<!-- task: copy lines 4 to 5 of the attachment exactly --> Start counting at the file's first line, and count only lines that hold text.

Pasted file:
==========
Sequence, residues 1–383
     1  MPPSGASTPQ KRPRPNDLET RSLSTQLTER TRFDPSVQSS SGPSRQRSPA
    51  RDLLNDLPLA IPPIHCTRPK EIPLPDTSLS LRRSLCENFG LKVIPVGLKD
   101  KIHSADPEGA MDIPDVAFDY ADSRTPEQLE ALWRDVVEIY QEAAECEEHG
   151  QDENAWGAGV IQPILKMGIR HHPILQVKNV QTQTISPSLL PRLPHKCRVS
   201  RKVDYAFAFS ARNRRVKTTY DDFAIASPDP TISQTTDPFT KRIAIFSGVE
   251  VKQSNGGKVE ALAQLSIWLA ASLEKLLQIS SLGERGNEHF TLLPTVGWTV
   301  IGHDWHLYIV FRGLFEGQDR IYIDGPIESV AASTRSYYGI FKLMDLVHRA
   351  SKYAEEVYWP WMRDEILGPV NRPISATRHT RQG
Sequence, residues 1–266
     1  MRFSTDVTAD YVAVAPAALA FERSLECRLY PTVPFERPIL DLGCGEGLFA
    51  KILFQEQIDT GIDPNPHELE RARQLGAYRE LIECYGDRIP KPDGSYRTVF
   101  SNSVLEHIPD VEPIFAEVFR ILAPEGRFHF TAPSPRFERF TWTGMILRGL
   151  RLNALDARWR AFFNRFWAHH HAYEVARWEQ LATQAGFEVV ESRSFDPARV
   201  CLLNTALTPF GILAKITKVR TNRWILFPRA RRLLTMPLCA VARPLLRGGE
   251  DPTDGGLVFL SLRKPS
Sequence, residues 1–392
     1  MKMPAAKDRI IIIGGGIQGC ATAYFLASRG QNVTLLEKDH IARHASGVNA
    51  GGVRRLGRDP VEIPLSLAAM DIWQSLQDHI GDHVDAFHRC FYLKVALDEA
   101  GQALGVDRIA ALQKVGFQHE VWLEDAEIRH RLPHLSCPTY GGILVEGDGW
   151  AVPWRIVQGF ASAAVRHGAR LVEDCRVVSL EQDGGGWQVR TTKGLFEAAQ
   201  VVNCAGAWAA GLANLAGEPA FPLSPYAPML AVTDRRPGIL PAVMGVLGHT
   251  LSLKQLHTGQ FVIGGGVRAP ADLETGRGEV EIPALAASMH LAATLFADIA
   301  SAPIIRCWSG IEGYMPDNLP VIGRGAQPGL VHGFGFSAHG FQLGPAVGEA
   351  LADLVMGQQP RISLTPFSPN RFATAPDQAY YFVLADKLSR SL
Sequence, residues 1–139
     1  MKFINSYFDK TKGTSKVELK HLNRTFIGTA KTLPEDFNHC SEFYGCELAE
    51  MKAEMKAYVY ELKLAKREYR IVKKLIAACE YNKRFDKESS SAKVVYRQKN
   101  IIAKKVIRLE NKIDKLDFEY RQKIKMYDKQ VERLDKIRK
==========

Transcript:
   101  KIHSADPEGA MDIPDVAFDY ADSRTPEQLE ALWRDVVEIY QEAAECEEHG
   151  QDENAWGAGV IQPILKMGIR HHPILQVKNV QTQTISPSLL PRLPHKCRVS